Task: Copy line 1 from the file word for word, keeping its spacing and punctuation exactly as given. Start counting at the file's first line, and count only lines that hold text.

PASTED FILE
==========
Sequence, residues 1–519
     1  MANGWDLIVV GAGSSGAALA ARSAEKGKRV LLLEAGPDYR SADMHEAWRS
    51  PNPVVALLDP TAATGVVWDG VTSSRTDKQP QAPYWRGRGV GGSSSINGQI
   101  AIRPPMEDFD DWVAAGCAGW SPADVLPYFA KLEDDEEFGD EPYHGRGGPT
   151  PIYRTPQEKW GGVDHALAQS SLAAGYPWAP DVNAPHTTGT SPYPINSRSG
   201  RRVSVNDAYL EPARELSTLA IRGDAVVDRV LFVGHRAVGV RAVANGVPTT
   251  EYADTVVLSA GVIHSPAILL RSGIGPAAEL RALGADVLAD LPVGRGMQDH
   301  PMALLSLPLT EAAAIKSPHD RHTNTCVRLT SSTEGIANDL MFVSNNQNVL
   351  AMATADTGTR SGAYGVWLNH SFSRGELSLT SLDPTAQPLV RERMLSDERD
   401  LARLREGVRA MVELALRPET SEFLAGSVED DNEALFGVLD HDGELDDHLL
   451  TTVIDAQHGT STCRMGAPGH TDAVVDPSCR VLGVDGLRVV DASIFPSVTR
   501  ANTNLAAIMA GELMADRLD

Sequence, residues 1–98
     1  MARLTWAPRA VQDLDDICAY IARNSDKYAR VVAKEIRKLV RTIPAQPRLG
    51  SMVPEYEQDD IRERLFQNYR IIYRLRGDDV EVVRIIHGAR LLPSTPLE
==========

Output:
Sequence, residues 1–519